LEDs are used as indicator lamps in many devices, and are increasingly used for lighting. Introduced as a practical electronic component in 1962, early LEDs emitted low-intensity red light, but modern versions are available across the visible, ultraviolet and infrared wavelengths, with very high brightness.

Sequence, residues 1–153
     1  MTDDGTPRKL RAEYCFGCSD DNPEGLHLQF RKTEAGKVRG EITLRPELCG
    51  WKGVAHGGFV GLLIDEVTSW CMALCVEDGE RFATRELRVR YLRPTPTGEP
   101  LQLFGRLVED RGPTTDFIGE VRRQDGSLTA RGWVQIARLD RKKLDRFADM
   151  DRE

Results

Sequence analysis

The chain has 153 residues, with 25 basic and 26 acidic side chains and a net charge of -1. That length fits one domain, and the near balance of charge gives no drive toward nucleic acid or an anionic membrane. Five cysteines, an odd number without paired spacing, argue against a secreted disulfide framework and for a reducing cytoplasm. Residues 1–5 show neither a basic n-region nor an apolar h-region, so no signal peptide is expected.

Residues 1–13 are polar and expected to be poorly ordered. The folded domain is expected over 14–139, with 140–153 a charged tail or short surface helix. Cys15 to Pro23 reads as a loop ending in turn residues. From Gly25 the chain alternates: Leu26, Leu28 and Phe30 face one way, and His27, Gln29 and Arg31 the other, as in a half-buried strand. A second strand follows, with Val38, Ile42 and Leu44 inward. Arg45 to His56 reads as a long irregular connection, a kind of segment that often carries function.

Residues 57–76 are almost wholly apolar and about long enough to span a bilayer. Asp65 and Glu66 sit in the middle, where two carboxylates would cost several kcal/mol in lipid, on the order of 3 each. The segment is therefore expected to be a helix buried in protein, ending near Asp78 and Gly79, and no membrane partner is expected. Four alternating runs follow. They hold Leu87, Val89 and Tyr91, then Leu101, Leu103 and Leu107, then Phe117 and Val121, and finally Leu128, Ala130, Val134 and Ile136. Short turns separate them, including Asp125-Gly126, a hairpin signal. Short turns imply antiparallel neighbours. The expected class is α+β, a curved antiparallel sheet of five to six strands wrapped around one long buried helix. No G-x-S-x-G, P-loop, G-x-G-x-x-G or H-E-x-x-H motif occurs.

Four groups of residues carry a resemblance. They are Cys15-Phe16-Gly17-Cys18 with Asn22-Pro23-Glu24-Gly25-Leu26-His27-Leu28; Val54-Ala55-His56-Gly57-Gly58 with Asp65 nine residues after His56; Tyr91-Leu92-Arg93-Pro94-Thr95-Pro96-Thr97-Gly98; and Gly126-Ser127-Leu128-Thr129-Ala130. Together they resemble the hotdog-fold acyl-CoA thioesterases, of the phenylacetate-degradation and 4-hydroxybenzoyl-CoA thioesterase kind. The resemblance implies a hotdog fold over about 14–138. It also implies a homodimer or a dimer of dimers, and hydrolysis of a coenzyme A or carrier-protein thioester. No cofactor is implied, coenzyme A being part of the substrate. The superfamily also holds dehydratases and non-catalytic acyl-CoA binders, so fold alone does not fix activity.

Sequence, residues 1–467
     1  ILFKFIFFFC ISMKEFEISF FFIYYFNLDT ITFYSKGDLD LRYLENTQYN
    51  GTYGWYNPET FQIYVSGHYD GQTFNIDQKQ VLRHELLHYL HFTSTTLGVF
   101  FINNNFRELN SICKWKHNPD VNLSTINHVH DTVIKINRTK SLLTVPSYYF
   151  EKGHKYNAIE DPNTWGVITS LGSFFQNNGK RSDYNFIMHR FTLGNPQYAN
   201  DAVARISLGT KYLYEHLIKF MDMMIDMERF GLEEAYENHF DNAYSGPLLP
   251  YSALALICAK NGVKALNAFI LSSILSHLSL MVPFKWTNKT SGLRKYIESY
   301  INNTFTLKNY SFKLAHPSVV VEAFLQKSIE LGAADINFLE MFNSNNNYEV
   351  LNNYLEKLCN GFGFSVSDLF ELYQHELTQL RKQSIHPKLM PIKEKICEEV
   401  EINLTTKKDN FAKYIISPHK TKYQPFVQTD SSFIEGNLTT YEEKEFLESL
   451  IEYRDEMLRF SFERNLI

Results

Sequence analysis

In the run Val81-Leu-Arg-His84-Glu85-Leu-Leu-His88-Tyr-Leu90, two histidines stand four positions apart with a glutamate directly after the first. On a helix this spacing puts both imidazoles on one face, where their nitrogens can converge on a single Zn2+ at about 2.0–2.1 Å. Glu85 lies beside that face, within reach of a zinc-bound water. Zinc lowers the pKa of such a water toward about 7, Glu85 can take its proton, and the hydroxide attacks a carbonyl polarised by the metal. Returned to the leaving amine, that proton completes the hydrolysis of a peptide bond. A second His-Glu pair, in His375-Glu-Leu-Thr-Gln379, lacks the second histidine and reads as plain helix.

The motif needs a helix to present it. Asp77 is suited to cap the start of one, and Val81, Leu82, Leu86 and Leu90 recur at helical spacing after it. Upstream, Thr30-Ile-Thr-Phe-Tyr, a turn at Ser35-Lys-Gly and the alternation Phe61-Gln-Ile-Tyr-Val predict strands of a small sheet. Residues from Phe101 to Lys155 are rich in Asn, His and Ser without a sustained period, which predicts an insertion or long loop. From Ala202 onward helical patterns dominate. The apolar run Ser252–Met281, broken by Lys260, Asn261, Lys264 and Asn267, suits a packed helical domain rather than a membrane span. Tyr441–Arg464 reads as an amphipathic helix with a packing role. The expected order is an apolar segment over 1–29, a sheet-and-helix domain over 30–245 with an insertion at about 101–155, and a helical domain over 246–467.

When a light-emitting diode is forward biased (switched on), electrons are able to recombine with holes within the device, releasing energy in the form of photons. This effect is called electroluminescence and the color of the light (corresponding to the energy of the photon) is determined by the energy gap of the semiconductor. A LED is often small in area (less than 1 mm2), and integrated optical components may be used to shape its radiation pattern LEDs present many advantages over incandescent light sources including lower energy consumption, longer lifetime, improved robustness, smaller size, faster switching, and greater durability and reliability.